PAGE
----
Additionally, a complexity arises in the fact that many patients taking psychiatric medications are not taking just one. Polypharmacy further complicates the multifactorial nature of medication response, since medications may compete for the same target or induce/inhibit relevant metabolizing enzymes. In the context of the GeneSight test, this means patients may be taking medications from each of their green, yellow, and red categories. Consequently, calculating the sensitivity and specificity for each individual medication loses real world application. In the clinical studies that validate the GeneSight test, patients are entered into analyses based on their total medication regiment. This is accomplished by putting a patient in their “worst” medication category. For example, a patient taking one green and one red category medication is entered into the analysis as a red category patient. This approach empowers a more comprehensive analysis of a patient’s overall medication response, rather than analyzing a patient’s response to each medication individually, since it is nearly impossible to determine which medication correlates to specific aspects of a patient’s response.

To read their description of how genetic tests are evaluated please visit this link.

Genomind: Genetic Testing Can Reduce Healthcare Costs for the End User

Genomind, raised a further interesting point how genetic testing can help decrease costs for the end user. They say:

“Pharmacogenetic testing represents a promising strategy to reduce the amount of medication trial and error and associated complications for patients with mood and anxiety disorders,” said Roy Perlis, M.D., Professor of Psychiatry at Harvard Medical School, a Genomind scientific advisor and one of the paper’s authors.

Genomind’s Genecept Assay®, a pharmacogenetic test, requires only a small sample of saliva, collected by a clinician from swabbing the inside of the patient’s cheek with a cotton swab. The test looks at key genes in a patient’s DNA that can affect the patient’s response to medication. In the study based on claims data, 817 Aetna members with mood and anxiety disorders who underwent testing with the Genecept Assay (cases) were matched with 2,745 similar Aetna members who did not undergo testing (controls) on a variety of dimensions, such as diagnosis, duration of illness, comorbidities, number of prior treatment failures, age, gender and socioeconomic status.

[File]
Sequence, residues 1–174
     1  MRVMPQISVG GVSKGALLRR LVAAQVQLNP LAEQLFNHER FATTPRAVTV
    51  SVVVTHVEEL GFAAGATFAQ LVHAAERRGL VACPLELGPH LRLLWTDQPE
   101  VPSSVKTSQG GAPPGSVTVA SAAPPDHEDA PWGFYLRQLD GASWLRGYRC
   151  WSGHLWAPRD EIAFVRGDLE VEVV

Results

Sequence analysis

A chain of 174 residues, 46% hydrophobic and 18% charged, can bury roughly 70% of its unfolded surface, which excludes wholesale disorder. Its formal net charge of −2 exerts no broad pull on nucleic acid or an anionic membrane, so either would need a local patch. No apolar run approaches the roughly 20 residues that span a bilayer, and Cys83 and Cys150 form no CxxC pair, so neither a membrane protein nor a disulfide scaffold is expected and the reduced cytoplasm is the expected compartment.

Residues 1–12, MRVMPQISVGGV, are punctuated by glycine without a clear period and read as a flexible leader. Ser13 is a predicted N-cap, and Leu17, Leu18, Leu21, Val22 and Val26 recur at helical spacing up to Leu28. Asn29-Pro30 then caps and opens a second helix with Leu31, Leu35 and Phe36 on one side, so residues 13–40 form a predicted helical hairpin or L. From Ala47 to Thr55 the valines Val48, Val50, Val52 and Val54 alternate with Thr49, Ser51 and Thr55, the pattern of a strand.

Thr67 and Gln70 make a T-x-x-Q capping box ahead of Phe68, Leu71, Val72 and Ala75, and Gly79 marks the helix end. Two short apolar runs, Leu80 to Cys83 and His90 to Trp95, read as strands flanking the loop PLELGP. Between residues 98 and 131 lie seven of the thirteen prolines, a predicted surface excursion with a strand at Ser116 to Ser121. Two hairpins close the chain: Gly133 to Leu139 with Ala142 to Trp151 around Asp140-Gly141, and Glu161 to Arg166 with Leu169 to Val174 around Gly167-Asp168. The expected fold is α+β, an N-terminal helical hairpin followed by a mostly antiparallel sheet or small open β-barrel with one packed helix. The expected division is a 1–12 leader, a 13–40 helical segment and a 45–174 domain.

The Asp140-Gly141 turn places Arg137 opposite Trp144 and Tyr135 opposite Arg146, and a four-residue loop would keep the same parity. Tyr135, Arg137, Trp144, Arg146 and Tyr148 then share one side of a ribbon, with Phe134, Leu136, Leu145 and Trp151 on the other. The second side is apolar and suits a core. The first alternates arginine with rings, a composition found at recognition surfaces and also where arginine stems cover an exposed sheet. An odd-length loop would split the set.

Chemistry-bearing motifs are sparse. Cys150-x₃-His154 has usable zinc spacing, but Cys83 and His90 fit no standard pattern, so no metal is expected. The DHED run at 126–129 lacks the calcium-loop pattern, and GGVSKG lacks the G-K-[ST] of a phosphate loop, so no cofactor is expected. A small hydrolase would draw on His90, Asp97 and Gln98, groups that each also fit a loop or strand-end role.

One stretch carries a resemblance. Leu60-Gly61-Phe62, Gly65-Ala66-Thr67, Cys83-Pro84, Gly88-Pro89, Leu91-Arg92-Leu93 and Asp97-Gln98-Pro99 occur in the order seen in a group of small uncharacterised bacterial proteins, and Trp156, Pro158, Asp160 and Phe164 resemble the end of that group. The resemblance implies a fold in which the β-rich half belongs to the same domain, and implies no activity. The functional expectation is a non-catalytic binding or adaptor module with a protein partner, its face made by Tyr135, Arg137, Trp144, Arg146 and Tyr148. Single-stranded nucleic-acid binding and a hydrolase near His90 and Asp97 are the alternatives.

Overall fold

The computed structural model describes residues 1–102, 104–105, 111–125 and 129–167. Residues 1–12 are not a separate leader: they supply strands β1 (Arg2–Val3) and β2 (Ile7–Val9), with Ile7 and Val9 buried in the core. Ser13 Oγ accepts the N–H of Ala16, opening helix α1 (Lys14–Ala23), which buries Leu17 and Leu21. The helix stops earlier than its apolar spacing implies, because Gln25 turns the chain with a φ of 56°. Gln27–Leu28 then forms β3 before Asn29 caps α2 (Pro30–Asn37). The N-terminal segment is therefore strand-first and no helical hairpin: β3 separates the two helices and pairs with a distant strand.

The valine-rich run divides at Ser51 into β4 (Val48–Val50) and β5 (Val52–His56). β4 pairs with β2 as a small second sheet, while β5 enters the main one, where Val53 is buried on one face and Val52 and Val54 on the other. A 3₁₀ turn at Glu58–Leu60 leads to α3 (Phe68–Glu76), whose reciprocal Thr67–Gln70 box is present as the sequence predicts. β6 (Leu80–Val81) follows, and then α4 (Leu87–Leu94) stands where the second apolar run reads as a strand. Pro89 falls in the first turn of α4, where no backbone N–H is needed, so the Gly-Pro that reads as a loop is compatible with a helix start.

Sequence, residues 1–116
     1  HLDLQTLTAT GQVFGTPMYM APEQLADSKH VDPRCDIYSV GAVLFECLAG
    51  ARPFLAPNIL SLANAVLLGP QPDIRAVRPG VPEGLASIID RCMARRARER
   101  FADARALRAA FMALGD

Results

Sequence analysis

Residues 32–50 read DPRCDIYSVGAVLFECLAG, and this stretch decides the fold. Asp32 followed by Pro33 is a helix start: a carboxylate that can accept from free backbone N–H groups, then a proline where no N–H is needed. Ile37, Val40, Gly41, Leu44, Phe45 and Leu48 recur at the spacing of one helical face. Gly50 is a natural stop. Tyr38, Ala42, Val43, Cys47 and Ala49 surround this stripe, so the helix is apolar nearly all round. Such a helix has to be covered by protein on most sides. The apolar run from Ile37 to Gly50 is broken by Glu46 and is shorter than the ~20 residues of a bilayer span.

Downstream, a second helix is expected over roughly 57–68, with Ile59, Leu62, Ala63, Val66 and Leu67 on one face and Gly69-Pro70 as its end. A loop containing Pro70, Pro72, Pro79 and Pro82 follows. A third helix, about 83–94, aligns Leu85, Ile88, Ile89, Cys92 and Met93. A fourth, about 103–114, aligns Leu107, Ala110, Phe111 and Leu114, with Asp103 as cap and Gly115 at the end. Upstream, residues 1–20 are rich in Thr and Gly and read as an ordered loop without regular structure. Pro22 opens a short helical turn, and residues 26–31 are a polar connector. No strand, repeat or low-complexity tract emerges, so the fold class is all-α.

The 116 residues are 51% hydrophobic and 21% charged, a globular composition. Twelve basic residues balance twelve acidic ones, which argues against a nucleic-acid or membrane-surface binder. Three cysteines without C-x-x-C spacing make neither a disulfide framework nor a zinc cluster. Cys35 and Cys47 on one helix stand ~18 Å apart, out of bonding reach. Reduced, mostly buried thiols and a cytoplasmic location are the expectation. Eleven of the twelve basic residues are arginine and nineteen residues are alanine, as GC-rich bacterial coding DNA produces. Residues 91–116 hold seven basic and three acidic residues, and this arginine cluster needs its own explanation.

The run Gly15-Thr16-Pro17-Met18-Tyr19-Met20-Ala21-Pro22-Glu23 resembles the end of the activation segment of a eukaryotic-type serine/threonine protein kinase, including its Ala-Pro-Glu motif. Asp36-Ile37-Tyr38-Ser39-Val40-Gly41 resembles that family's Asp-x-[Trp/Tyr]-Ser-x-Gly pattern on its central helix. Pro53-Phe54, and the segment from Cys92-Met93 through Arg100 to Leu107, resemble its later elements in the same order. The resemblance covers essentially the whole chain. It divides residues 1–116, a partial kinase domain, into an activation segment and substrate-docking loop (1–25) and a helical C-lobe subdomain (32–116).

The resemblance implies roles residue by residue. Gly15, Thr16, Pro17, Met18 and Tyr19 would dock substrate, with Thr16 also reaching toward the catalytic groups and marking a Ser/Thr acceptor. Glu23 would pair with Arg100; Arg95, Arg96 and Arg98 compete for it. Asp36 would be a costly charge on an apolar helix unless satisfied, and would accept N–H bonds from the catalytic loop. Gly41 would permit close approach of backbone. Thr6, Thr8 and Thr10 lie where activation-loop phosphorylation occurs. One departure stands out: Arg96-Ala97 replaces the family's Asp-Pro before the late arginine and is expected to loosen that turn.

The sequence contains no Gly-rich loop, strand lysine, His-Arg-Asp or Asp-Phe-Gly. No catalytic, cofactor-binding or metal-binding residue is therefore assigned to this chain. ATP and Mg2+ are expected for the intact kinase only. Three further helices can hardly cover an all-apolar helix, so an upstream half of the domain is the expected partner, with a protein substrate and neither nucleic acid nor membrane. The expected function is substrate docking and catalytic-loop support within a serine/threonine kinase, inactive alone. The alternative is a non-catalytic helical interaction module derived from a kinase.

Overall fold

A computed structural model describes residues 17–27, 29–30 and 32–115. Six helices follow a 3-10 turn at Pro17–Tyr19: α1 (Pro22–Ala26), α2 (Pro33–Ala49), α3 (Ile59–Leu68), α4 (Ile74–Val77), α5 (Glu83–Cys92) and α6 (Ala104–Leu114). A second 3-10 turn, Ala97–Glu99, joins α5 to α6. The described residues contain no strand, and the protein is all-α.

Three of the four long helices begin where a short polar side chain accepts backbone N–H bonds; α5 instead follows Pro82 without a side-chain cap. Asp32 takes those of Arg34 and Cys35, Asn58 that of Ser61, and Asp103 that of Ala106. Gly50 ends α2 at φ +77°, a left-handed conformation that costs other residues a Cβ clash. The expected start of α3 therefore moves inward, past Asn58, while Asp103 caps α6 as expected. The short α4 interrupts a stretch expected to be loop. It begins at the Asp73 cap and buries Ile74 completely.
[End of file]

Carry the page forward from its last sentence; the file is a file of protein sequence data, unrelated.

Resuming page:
Those who had genetic testing experienced 40 percent fewer emergency room visits and 58 percent fewer inpatient hospitalizations than individuals in the control group who did not receive genetic testing to help guide their treatment (p<0.0001 for both). That is, testing was associated with significantly less utilization of emergency rooms and inpatient visits during the following six-month period. The two groups did not differ significantly in number of psychotropic medications prescribed or mood disorder–related hospitalizations.

PASWFL Uses Genetic Testing

As part of our diagnostic and evaluative processes PASWFL is a firm believer in the science behind DNA. PASWFL finds that using genetic testing can save time and money for the end user and leads to a more direct treatment plan. PASWFL uses genetic testing to provide outstanding psychiatric care using a combination of ketamine treatment, theta burst stimulation and transcranial magnetic stimulation. We believe genetic testing can help us perfect our already customized treatment plans for our patients. Read more about our genetic testing and all our services on our website.